Zambia Business Forecast Executive Summary
(In The Zambia Business Forecast Report, by the Business Monitor International (BMI))
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Investment The Key Issue
The effects of massive foreign investment have spread throughout Zambia. On the economic front, investment should continue to spur economic growth, especially in the construction and mining sectors. Furthermore, massive capital inflows are likely to push up the exchange rate but also give rise to a growing dependence on China, especially for trade.
On the political front there is a more mixed outlook. The two governments have solidified a beneficial partnership, but at the same time the perception of Chinese exploitation of Zambian labour has fostered an anti-China backlash among the general populace, which shows little sign of receding. This is despite China's efforts to aid the development of the country via infrastructure investment. This investment should help Zambia's business environment, with major pushes from both China and Zambia's governments to overhaul the faltering power and transportation networks, although work in other areas is also needed.
In February 2007, China and Zambia jointly announced the creation of a special economic zone in the Zambian copper belt, marking a commitment by the two countries to work closely for many years to come. However, a popular growing perception that China is exploiting Zambia by taking its resources while stifling the value-added sector, paying low wages, and ignoring safety laws has given rise to a backlash against the Asian investor, which shows no signs of abating in the years to come. Nonetheless, we see little scope for major policy change, as national elections are not scheduled until 2011, and the current government believes Chinese investment is in the best long-term interest of the country.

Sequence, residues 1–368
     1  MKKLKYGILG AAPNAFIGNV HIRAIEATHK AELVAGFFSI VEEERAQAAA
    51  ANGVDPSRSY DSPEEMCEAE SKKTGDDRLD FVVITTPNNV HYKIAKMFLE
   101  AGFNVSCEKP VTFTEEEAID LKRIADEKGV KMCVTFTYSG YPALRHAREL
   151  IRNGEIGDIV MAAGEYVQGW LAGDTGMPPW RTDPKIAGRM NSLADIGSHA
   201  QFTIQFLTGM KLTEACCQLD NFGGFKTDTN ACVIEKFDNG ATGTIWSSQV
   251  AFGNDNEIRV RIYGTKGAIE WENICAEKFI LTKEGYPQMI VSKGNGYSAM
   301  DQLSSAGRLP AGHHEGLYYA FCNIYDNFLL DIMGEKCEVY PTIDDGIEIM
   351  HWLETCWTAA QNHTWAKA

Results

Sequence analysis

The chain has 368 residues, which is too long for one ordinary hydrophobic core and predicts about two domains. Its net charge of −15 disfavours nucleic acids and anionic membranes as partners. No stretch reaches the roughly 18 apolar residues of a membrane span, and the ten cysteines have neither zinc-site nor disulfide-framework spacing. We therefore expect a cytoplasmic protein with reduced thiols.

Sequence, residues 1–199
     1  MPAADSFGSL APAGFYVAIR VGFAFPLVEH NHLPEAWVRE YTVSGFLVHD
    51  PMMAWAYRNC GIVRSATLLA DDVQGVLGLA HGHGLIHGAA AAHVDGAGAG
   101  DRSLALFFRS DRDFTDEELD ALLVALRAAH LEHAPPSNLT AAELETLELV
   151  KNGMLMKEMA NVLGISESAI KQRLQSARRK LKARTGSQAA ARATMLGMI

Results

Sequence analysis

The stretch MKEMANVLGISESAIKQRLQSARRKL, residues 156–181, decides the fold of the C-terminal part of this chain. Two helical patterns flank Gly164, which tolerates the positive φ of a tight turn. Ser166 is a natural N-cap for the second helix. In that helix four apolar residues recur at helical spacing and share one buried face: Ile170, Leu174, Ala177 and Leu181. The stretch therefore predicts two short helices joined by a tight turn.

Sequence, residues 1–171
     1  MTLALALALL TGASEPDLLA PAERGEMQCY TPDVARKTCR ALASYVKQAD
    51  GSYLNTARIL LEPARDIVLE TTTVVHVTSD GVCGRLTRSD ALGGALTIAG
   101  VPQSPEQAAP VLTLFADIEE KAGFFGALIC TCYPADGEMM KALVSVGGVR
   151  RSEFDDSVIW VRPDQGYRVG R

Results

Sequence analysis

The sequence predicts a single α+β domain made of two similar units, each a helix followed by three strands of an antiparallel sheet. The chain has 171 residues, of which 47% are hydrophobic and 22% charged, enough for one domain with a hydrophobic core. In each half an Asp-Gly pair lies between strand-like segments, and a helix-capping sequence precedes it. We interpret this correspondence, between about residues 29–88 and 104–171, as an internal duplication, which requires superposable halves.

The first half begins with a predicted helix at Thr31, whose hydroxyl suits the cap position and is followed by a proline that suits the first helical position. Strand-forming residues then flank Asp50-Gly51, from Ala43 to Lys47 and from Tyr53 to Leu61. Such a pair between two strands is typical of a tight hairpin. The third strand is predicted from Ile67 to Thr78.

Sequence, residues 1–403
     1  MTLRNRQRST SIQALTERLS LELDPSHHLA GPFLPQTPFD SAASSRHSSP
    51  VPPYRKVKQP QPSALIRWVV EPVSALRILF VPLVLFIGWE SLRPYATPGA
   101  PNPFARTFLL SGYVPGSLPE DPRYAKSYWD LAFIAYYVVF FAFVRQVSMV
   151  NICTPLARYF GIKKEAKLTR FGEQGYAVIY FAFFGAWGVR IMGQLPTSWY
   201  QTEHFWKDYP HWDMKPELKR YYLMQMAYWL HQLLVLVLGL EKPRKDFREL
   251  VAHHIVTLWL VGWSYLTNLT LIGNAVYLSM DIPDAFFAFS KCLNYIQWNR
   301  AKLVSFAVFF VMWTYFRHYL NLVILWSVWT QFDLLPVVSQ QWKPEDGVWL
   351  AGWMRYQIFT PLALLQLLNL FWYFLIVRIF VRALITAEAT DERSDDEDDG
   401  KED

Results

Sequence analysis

We have a positive macroeconomic outlook for Zambia on the back of improved macroeconomic policy, high commodity prices and foreign investment, which should keep real GDP growth strong, boost government revenue and expenditure, and help strengthen the currency. Zambia has worked to diversify its economy away from copper with some success, such that the country should be able to achieve growth above 4%, even amid a sustained fall in copper prices, which is not our core scenario. We are more cautious about the equity market's growth prospects, despite its strong performance in 2007, because the index remains small and potentially overbought.
The business environment is set to see many changes in the next year. The government seems prepared to raise mining taxes in April as promised, despite the objections of mining firms. The Citizens' Empowerment Act could see changes in the country's regulatory framework in the years ahead, with a shift towards preferential treatment of domestic firms and citizens. Finally, over the long run, major investments in the country's physical infrastructure continue to move ahead, potentially easing the transportation and power problems over the next several years.